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History of art was, without a doubt, my favourite subject at high school. By then, Italy was for me a distant and unknown country, it seemed so far as in another planet, and I did not even know what Tuscany meant or where in the map Florence was. At the age of 17, everything seemed so phantasmagorical and unreal … How rare, the unpredictable ways to which life sometimes leads. Especially, to those who try to escape from routine. I then loved the art history classes taught by María Luisa, always conducted in the dark. During those hours, I felt invisible and safe (at that time, my face was plagued by acne). We contemplated slides explained with genuine devotion by the teacher, and took notes of things that I thought I would never see on site. María Luisa inoculated me with the love for art and subtly with a passion for Florentine wonders. Today, 24 years later, I do not even remember her surname.

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Galleria Frilli, the legendary studio and sculpture gallery of Florence

Galleria Frilli, the legendary studio and sculpture gallery of Florence

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Founded in 1860, the family run Gallery-Studio Frilli quickly achieved international recognition for its marble replicas of classical, Renaissance and neoclassical sculptures. Indeed, walking through its comfortable rooms one feels in a Renaissance theme park. The sculptures seem just about to talk. Conceived with the purpose of decorating ostentatious residences in Europe, America and Asia, Frilli has the largest collection of models derived directly from the original pieces, museums and monuments from the Western world. That is why the works are considered real replicas and not mere copies. The family also created the bronze replicas at Lorenzo Ghiberti´s Gates of Paradise in the baptistery of Florence. Perfect for an LSD trip.
Galleria Frilli -Via dei Fossi, 26, 50123 Florence FI 

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Berlin vs. Florence: a perfect binomial?

Berlin vs. Florence: a perfect binomial?

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I have always been keen on extremes. I consider myself excessive and I have never been able to recognise the so-called «medium term», so linked in my opinion to mediocrity rather than moderation. I would never describe myself as a restrained person, neither in my actions, nor in my passions, nor in my thoughts or feelings. A bit cyclothymic, too, as I sense everything with absolute bipolar intensity. Although apparently Berlin and Florence do not have much to do with each other, they are two cities of extremes, thus matching each other. In multiple ways, the two cities stand for the avant-garde as well as for Classicism, so it is with contemporary art in Berlin and the Renaissance of Florence. The modernity of the German capital and the Tuscan tradition; the spiritual chaos of Berlin and the delicacy of Florence; Berlin decadence and the Florentine refinement; the debauchery in Berlin and the Florentine composure. To mention just a few aspects …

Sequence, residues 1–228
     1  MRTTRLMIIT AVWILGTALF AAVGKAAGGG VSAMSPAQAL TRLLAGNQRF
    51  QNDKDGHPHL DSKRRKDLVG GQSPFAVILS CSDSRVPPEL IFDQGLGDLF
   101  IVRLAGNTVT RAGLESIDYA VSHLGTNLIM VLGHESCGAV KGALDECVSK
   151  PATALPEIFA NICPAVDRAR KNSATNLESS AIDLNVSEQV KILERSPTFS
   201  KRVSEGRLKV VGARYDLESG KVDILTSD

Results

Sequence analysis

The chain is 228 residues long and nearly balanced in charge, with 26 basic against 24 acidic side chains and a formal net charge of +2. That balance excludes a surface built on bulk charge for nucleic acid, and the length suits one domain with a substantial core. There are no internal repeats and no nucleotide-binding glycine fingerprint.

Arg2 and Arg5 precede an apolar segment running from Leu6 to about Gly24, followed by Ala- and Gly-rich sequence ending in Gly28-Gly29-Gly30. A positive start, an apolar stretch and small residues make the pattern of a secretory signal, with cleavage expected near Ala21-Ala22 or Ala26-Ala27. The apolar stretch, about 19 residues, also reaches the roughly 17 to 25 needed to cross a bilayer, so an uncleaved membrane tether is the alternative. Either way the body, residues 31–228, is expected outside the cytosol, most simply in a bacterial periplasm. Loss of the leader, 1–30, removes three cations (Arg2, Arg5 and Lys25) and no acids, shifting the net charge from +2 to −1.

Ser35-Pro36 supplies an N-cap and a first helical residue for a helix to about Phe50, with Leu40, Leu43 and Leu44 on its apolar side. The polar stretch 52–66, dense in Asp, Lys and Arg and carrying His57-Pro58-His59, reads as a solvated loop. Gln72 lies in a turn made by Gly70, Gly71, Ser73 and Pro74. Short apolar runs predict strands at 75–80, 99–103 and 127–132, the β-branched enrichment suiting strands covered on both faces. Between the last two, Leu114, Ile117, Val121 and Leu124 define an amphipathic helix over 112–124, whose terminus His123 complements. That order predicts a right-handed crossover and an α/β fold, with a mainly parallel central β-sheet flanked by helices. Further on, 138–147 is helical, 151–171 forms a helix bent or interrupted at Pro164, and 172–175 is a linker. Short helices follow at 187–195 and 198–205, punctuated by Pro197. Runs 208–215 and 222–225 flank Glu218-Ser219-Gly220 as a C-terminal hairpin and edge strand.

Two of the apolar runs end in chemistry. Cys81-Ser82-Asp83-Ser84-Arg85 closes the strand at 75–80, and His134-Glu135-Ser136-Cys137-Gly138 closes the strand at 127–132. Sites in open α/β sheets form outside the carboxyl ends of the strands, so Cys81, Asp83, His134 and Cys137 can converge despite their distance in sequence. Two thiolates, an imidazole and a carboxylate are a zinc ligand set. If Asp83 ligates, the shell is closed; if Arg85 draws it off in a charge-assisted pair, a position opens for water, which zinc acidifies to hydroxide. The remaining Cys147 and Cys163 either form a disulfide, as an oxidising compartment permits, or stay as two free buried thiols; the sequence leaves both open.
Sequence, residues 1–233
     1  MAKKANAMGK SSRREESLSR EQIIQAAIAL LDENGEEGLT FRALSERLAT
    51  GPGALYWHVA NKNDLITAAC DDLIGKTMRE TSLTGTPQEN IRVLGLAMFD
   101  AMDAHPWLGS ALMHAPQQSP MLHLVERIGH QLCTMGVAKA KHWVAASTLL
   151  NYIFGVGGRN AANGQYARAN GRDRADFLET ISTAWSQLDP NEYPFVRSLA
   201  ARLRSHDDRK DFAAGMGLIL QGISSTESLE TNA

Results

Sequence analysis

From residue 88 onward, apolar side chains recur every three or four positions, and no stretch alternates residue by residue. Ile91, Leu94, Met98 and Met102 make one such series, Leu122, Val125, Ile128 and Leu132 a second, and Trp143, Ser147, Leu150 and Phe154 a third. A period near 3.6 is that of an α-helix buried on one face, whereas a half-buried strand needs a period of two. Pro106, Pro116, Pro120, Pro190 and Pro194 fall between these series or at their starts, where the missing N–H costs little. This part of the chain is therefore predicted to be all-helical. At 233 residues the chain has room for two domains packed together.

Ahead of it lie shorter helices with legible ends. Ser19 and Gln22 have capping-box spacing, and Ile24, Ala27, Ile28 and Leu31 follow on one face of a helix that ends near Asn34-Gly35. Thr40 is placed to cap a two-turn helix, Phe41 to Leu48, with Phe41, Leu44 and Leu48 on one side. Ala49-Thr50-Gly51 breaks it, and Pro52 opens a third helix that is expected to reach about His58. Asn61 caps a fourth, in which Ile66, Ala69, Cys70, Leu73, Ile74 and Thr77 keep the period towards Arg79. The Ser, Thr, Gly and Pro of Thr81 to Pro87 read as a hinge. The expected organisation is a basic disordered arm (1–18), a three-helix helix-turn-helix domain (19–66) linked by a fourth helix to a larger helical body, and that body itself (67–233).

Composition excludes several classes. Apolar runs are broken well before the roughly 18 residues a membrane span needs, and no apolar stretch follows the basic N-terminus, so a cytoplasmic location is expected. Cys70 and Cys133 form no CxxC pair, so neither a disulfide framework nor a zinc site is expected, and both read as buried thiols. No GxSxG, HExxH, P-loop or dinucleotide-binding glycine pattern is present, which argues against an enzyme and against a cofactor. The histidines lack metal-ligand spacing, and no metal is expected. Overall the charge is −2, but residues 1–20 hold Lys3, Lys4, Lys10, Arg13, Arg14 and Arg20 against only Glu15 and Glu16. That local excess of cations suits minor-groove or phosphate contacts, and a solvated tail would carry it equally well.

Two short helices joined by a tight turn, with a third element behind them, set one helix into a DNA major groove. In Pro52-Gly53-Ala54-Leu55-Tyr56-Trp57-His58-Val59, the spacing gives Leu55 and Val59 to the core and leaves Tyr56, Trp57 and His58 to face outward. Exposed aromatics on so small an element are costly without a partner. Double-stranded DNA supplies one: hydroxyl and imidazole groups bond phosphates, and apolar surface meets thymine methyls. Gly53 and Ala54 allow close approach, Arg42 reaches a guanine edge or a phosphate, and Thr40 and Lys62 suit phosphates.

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Florence: passion and enthusiasm

Florence: passion and enthusiasm

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All passion springs from enthusiasm. Florence rescued me from neglecting feelings, an attitude that (I do not recall exactly when) came from falling lost in Berlin. Florence meant a safe net to avoid the death of the soul and helped me arise from that terrible fall. In the Tuscan capital a revolution took place inside of me. Indeed, a Renaissance. Thus, I now live here with all naturalness, feeling calm and relaxed. In Florence the days do not seem so endless, there is always something to do, even if it’s just a walk among Renaissance treasures, only to come back home later relieved. To enjoy Florence, one must be Epicurean, aesthete and eclectic. To this city, where the vicissitudes of my destiny have brought me, I will definitely elaborate a whole dictionary of affectionate expressions, because I haven´t yet met any Italian who speaks well, and with true love, about their country.

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Fra Angelico’s frescoes: the treasure of the San Marco Museum

Fra Angelico’s frescoes: the treasure of the San Marco Museum

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This museum occupies an extensive area of the Dominican monastery of San Marco and still retains its original atmosphere. Founded in 1436 and designed by the architect Michelozzo, the monastery played an important role in the religious and cultural life of Florence. The fame of the museum is mainly due to the paintings of Beato Angelico (Blessed angelic one), one of the most representative painters of the Renaissance who embellished with its frescoes various rooms of the building, most remarkably the cells of the monks. A wonder to view also here:
Practical info